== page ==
“We know that seed sales are a problem and we are working on a strategy to combat it,” said Corporal Mike Dunbar, a RCMP drug enforcement officer based in Vancouver. “Just saying that a vendor supplied someone with 10 seeds won’t get long sentence in court. We have to show the entire extent of the business. Sentences are no deterrent and this frustrates us and the Americans. It has been brought up at the political level.”

Human rights treaty

Missing from this debate is any mention of the human rights UN treaties which Canada has signed, like the 1948 International Declaration of Human Rights. Signatories pledge themselves to the “observance of human rights and fundamental freedoms.” The treaty assures all human beings “freedom of thought, conscience and religion,” as well as “freedom of speech and belief and freedom from fear.”

The drug war is a steady assault against the principles of this human rights treaty. Clauses enshrining the “right to freedom of opinion and expression,” and “to seek, receive and impart information and ideas,” are ignored in the rush to censor pro-pot info. Clauses ensuring everyone “the right to take part in the government of his country,” are broken by US laws forbidding anyone with a drug conviction the right to vote. Clauses against “arbitrary property seizure” are violated by forfeiture of property without trial.

If the UN were fulfilling its Charter mandate to “reaffirm faith in fundamental human rights, and in the dignity and worth of the human person,” they would applaud Canada for not following the US down the path of unchecked drug war and disregard for basic human rights.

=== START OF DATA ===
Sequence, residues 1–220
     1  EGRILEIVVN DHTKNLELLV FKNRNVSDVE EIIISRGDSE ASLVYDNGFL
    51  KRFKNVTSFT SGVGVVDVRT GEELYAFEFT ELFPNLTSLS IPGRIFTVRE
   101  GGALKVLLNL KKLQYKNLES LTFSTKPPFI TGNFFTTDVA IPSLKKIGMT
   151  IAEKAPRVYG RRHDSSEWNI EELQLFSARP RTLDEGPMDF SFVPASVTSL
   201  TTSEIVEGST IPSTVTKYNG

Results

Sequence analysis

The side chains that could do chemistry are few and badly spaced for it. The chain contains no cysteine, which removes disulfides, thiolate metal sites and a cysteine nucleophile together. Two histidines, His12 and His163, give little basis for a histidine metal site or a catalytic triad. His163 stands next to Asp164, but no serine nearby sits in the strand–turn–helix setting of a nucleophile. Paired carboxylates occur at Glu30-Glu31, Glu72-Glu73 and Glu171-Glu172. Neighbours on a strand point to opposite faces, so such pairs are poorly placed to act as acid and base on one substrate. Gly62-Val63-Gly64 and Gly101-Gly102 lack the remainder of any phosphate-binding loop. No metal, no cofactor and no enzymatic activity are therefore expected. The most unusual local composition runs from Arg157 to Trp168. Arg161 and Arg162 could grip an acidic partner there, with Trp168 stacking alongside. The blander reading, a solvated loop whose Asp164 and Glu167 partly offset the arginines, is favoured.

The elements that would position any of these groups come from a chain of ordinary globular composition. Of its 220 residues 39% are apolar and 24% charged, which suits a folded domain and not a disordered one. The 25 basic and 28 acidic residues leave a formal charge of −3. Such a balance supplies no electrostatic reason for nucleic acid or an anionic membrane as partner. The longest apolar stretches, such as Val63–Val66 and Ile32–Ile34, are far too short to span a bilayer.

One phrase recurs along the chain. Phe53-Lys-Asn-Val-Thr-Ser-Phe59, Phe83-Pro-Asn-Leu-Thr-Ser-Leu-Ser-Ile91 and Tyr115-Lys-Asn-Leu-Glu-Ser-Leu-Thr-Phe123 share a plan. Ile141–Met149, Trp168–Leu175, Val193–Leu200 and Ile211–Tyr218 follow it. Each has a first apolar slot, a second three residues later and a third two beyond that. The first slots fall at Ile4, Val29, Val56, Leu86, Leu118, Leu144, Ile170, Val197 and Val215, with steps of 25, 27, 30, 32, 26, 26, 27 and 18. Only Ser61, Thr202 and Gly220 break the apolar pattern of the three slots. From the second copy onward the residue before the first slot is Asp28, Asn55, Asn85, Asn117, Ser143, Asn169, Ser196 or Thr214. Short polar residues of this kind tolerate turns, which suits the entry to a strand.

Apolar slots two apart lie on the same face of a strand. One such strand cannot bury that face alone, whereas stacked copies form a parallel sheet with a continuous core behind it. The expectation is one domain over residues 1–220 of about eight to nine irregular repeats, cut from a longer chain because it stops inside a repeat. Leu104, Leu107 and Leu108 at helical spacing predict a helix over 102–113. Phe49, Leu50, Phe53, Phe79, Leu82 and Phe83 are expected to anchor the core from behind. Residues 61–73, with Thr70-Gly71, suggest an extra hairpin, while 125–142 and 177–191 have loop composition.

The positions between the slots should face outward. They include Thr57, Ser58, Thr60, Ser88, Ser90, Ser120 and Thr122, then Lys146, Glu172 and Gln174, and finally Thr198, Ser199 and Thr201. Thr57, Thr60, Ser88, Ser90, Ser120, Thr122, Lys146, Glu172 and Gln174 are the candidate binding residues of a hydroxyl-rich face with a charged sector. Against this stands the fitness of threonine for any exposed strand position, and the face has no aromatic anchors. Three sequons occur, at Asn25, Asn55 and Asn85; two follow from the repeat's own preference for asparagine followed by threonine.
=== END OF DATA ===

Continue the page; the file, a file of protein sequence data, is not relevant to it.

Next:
Canada’s official response

Cannabis Culture tried to get Canadian officials to respond to the UN’s criticisms, but found few of them willing to discuss the matter. A spokesperson for Canada’s ambassador to the UN said the ambassador could not comment on the UN report, and referred us to Foreign Affairs.

Michael O’Shaughnessy, a spokesperson for the Foreign Affairs office, said his office also could not comment on the UN’s comments.

“Our only comment is that it’s the responsibility of Health Canada to make a comment,” he said.

But a Health Canada spokesperson said the only comments she was authorized to release came from Dann Michols, director general of Health Canada’s therapeutic products program. In a vaguely worded statement that didn’t even mention marijuana, Michols agreed with INCB criticisms, and offered assurances that Canada would be in full compliance with all anti-drug agreements within two years.